Objective: The purpose of this qualitative study was to determine the effects of occupational identity on the psychological needs of emergency telecommunicators on and off the job, as well as to learn their recommendations for improvements which would strengthen psychological well-being both onsite and offsite.
Methods: A qualitative phenomenological approach in the form of an open ended, web-based survey was utilized. Participants were between the ages of 19-67 who have worked as emergency telecommunicators in PSAPS across the state of California for at least one-year, operating emergency phone lines as well as emergency radio (n = 142).
Results: Thematic content analysis was utilized to analyze the findings. Themes for highest stressors were: Suffering and Barrier for call-taking; Peril and Complex Calls for radio traffic; Active Lack of Support and Passive Lack of Support for coworker interactions; Apprehension and Disconnect for interactions with management; and Time-Off, Relationships, and Personal Time for work-life balance. Themes for recommendations were: Prevention, Intervention, and Recovery for both call-taking and radio traffic; Team Culture and Stress Reduction for interactions with coworkers; Culture of Respect and Accountability for interactions with management; and Schedule and Wellness for work-life balance.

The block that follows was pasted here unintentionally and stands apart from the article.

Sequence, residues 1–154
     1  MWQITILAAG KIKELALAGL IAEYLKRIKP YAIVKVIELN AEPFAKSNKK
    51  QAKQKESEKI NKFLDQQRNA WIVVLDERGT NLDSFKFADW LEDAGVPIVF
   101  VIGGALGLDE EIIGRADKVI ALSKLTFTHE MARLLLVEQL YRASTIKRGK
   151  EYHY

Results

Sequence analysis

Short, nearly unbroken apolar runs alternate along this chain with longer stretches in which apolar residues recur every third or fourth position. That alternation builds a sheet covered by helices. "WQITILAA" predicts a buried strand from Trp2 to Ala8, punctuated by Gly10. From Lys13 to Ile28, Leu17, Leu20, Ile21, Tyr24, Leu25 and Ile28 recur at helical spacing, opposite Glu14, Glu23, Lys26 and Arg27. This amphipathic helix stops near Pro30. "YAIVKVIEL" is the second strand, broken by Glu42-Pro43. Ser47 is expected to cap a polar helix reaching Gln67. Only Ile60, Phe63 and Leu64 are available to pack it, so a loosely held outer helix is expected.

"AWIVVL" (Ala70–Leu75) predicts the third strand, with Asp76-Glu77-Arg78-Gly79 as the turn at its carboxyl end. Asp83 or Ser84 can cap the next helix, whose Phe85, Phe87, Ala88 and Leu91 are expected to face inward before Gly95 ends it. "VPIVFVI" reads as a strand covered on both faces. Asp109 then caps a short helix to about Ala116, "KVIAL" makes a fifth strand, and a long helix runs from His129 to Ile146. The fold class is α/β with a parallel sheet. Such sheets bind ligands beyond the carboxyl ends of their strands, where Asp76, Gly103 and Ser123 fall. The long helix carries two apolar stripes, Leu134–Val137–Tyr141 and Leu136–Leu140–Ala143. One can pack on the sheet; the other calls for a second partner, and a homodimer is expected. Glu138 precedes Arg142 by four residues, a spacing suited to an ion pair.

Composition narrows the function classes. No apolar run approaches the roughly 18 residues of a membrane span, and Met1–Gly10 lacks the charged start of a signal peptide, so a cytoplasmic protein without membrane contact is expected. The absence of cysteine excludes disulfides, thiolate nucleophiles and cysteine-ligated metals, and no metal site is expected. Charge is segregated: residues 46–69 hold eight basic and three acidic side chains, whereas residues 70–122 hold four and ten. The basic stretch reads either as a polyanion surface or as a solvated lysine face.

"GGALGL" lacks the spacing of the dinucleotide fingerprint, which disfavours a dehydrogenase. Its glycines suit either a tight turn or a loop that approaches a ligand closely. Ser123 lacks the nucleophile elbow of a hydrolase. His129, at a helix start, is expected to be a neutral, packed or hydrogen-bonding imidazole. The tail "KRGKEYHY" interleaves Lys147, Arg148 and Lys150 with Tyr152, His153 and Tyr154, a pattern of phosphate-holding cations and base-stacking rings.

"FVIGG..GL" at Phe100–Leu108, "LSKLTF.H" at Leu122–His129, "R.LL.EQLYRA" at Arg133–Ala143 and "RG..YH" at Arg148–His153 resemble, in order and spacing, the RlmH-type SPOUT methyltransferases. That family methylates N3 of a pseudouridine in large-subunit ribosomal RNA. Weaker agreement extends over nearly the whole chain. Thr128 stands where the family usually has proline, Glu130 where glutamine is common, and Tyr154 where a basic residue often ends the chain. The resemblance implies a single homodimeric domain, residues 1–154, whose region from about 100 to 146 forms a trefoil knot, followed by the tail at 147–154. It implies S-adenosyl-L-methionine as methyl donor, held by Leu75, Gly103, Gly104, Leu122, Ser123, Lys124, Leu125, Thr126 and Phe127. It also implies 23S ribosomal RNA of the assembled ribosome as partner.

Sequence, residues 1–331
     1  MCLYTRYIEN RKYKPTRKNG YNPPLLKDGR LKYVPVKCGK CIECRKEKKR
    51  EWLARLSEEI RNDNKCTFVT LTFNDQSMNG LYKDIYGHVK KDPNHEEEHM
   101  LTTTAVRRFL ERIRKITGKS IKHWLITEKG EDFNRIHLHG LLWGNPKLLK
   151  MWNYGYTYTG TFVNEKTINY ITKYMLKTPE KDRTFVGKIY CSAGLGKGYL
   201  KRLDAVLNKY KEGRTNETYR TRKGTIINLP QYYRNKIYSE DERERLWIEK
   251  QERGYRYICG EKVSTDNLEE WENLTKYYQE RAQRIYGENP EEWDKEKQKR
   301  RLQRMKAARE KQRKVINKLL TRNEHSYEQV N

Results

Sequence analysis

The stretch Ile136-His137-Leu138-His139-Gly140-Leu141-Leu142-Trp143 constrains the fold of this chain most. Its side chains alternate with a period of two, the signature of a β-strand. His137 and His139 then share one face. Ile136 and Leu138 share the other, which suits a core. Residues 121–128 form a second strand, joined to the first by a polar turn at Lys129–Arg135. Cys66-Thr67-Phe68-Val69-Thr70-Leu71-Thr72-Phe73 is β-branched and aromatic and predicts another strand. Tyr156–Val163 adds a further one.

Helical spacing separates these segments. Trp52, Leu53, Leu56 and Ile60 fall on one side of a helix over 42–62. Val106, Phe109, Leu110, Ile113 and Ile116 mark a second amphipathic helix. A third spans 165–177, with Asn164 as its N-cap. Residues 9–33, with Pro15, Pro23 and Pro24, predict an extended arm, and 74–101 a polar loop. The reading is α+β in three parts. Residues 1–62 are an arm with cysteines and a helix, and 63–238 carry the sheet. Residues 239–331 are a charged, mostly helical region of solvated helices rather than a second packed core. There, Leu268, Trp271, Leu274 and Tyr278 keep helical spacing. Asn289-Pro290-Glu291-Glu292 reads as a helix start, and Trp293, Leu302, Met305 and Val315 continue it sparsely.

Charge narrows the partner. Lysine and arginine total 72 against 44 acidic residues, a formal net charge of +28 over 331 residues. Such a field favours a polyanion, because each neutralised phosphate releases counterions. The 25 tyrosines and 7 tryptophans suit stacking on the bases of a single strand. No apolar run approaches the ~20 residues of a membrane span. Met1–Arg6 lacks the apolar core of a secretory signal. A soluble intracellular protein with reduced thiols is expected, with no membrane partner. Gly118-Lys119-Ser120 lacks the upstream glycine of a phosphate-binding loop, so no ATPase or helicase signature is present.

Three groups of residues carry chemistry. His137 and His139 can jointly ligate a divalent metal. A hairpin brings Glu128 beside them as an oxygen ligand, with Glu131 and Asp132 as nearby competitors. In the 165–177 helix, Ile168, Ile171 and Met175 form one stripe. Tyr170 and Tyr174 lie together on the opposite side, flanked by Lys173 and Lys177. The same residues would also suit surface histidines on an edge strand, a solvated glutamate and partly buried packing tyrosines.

Conclusion: This study yielded significant themes regarding stressors as well as recommendations, each of which reflected emergency telecommunicators’ unique occupational identity. In meeting emergency telecommunicators’ psychological needs from their subjective occupational viewpoints, mental health professionals can provide tailored therapeutic programs that would be practical and meaningful for this population. Likewise, public safety organizations can implement relevant and practical changes in work policy and environment. In turn, emergency telecommunicators may achieve stronger psychological well-being and resilience to trauma, as well as being optimally equipped to serve and protect field responders and civilians during crises.
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